Weekend gallery guide: behind closed doors

Open Studio Days Istanbul allows the public to peek into the studios of local artists

By Emma Harper | October 6, 2016


No artist is an island. Open Studio Days Istanbul (Açık Stüdyo Günleri), which runs from October 7–9, makes certain of that. The three-day event creates an opportunity for the denizens of Istanbul to visit artists’ studios and non-commercial artist collectives that are normally off-limits. Artists directly connect not only with the public, but also with one another.

In its third year, Open Studio Days Istanbul is the brainchild of the exhibition manager Juliane Saupe and the artist Deniz Beşer. Active in the German and Austrian art scene, the two noticed that the production and presentation of art in these countries is more autonomous than in Turkey, where art is mainly within the purview of commercial galleries and institutions. Juliane explains that the pair, having taken part in open studio days in other cities, were enamoured with this ‘honest, barrier-free and intimate way of presenting art’.

The event has struck a cord in Istanbul. The number of participating artists doubled from 2014 to 2015. This year, 46 artists in 32 different studios are taking part. In fact, so many artists wanted to participate this year that the organisers had to turn away people for the first time. With Juliane working full-time in Vienna, the responsibility for coordinating artists mainly falls on Deniz. ‘It’s just not possible to coordinate 70 artists,’ explains Juliane.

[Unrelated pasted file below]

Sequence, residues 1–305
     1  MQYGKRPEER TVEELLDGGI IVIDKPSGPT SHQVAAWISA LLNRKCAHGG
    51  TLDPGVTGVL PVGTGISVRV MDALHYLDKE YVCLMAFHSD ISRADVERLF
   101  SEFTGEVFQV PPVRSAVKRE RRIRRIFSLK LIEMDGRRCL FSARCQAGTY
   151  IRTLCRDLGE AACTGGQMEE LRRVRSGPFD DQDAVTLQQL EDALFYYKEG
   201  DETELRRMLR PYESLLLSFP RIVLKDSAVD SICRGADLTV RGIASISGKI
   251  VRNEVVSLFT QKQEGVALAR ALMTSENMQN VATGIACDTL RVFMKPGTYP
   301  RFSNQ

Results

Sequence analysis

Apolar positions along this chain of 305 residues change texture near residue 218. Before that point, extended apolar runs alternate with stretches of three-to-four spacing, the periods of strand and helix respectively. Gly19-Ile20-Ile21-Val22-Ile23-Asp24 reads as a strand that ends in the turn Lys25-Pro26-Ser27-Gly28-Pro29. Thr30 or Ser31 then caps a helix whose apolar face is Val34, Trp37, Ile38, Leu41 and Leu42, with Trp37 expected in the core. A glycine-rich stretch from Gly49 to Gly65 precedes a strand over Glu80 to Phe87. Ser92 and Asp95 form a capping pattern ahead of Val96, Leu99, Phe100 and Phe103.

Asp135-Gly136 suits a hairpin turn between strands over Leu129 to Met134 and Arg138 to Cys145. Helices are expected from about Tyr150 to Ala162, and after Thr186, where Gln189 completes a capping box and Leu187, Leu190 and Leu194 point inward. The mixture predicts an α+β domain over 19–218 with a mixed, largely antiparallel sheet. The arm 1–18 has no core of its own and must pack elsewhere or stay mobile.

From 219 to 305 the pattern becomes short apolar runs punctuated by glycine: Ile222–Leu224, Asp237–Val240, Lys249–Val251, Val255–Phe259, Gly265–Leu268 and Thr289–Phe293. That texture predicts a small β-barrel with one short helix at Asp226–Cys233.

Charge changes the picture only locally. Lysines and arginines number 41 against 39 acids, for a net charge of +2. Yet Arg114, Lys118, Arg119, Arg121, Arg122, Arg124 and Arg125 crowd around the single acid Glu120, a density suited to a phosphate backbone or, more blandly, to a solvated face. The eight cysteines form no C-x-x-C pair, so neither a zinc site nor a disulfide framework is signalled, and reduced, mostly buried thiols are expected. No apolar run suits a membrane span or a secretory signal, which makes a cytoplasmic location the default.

The roster, which features American, French, Lebanese, Indian, Bulgarian and English artists, also emphasises Istanbul’s cosmopolitanism – there’s no denying that the city has blossomed into an international art centre. These artists are spread all over, with studios stretching from Beyoğlu to Kadıköy, and even the Princes Islands.

Although the aim is to promote alternative, autonomous spaces in which artists can introduce art to the broader public, the organisers have also seen a positive response from the main actors of the Istanbul art world. Commercially successful artists participate in the programme, and curators and gallery owners have been seen visiting studios. While they may be differentiating themselves from commercial spaces, the organisers realise that encounters of this sort allow emerging artists to build up a professional network.

Zeynep Okyay from the independent art space Pasaj is explaing the exhibition to visitors during last year’s Open Studio Days

The event currently operates without financial support or sponsorship; however, Juliane explains that they wouldn’t be opposed to some sort of ethical funding ‘to guarantee a professionalised working manner without self-exploitation and exploitation of our team or the participating artists’. Organising something on this scale requires oodles of time and a large team of professionals. It’s a tough balance to strike: maintaining a low barrier of entry to ensure that all artists can participate while also fairly compensating those working on the project.

Eventually, the aim is for Open Studio Days Istanbul to become, in Juliane’s words, ‘a sustainable annual event for networking and presenting art within independent structures’. If it’s not there yet, it’s well on its way. Just stop by some of the open studios this weekend and you’ll see a wide range of individuals taking an interest in the production of art, as well as artists and art professionals building relationships with one another. At the end of the day, you'll find that Istanbul seems less like a megacity and more like a small village.

To learn more about the event and to see a map of the studios, please visit their website. You can also learn about new developments by following them on Facebook and Instagram.

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